McColgan delighted to be back in old routine
As she has done hundreds, if not thousands, of times before, Eilish McColgan will kneel on the side of the track this morning at Dundee's Caird Park and lace up her spikes in preparation for a session of graft and toil.
This time, however, she will offer up a silent prayer of thanks, grateful to be allowed once more to perform the simple routines that mark out an athlete's daily regime.
It is nearly six months since the young Scottish steeplechaser lowered her personal best in a Diamond League meeting at Crystal Palace. Any sense of heady accomplishment was drowned out by the searing pain in her foot. Bones were broken. Her spirit, at least temporarily, followed suit. Due to be named, just 24 hours later, in the Great Britain team for the world championships in Daegu, being told that she required surgery followed by a long period of rehabilitation was a harsh blow.
"I just really struggled for the two weeks after that," says the 21-year-old. "I was so upset. I was meant to go to the World University Games in China as well and I'd had all my inoculations. I was meant to do the New York Fifth Avenue Mile at the end of the September as well. All these plans were sorted out. I was looking forward to those and the world championships as well, but it all got taken away."
Having spent last week under the watchful supervision of UK Athletics medical staff at Bisham Abbey, McColgan has been cleared, finally, to resume training. There will be elation, she declares, but also relief. The healing process has proven quicker than expected, accelerating her ambitions to return faster and stronger for a season which she hopes will incorporate a trip to the Olympic Games.
Hitherto forbidden to do what comes naturally, the Dundee University student has instead been confined to the gym, taking out her frustrations on the machines within. Asked to adapt her regime, she admits to a new self-discipline. "My lifestyle's in a better place now than it was 12 months ago," she confesses. "Things are really different. Because of the rehab programme, I've been forced to focus on other aspects of being an athlete. So now the actual running is just the final component."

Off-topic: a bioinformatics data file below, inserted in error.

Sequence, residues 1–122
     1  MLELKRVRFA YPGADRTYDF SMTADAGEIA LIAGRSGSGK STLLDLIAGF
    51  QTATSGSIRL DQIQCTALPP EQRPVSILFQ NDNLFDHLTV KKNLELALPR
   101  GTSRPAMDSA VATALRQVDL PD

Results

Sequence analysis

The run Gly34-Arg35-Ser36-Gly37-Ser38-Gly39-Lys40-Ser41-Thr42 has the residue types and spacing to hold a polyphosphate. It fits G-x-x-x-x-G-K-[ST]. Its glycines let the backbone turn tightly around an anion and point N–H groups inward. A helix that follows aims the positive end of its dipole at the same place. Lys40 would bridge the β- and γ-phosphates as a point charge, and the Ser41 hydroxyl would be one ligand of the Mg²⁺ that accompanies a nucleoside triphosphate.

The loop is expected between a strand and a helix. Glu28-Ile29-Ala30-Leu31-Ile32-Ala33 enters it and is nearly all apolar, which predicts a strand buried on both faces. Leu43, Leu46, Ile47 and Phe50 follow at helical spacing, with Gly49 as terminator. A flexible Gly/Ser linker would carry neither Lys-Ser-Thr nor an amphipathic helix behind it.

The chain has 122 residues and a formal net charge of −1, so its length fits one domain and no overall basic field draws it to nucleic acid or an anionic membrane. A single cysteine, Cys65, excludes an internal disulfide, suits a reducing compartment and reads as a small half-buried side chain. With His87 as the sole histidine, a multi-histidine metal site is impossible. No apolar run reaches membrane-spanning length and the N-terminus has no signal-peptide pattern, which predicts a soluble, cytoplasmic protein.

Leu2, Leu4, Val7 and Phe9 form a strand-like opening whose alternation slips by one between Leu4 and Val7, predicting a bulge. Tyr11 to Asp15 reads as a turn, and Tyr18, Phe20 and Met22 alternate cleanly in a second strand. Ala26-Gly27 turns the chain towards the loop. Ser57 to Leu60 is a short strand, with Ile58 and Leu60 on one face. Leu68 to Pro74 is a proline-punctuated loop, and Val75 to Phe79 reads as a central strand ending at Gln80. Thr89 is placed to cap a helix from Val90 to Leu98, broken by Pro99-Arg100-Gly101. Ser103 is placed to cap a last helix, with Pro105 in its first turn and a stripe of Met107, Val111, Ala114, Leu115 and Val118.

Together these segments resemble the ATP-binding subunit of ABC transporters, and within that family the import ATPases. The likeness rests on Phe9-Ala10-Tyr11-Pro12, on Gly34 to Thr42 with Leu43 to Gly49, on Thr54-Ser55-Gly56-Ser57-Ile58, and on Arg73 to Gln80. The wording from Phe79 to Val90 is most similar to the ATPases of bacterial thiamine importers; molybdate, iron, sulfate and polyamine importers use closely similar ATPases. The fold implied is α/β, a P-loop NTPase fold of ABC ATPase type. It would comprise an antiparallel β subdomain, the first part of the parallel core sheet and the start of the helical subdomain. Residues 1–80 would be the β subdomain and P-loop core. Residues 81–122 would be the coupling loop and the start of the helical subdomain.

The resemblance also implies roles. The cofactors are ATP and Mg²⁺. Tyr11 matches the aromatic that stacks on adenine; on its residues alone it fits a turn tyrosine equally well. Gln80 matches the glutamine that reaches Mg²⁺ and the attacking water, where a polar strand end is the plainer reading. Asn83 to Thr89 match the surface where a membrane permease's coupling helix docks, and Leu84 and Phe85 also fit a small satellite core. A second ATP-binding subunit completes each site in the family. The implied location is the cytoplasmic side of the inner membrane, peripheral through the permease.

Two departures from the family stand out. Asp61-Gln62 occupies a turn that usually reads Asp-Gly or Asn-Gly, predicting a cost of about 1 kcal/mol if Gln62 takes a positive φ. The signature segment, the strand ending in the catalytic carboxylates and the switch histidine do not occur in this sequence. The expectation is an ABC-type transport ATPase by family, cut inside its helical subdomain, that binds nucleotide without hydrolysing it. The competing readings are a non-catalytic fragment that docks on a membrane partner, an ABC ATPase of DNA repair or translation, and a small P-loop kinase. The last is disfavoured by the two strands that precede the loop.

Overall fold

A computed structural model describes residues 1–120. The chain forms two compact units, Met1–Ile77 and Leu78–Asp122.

It will go firstly step by step, then jump by jump. Her father Peter, once an international athlete himself, has been offering words of advice. "Dad was quite upset when it first happened," she confirms. "Steeplechase was his event and he felt it was partly his fault for some strange reason."
Parental irrationalities aside, the worst aspect of her confinement, she says, was losing her independence. Trips to the shower required a chaperone. Going to the shop became a major expedition. It was a living, waking nightmare. "And I really struggled with that. So I'm a hell of lot happier now, being able to do what I want when I want and going for runs. I've just got a lot more time because the rehab took so long every day. Now I can fit everything in."
She has six months to prove herself once more. The prospect of a debut Olympic appearance, at least, provides the greatest possible incentive to push through the aches and strains. Her advisors have no qualms, McColgan states, over her readiness for what lies ahead. "Obviously I won't be doing my normal amount of training to start with," she proclaims. "But it's a big step forward."
Caird Park, she adds, will witness an athlete renewed. "I've realised how much you do miss it when you can't run for five months. It's so much more enjoyable. I can't wait to get up to the track and get out there beside everyone."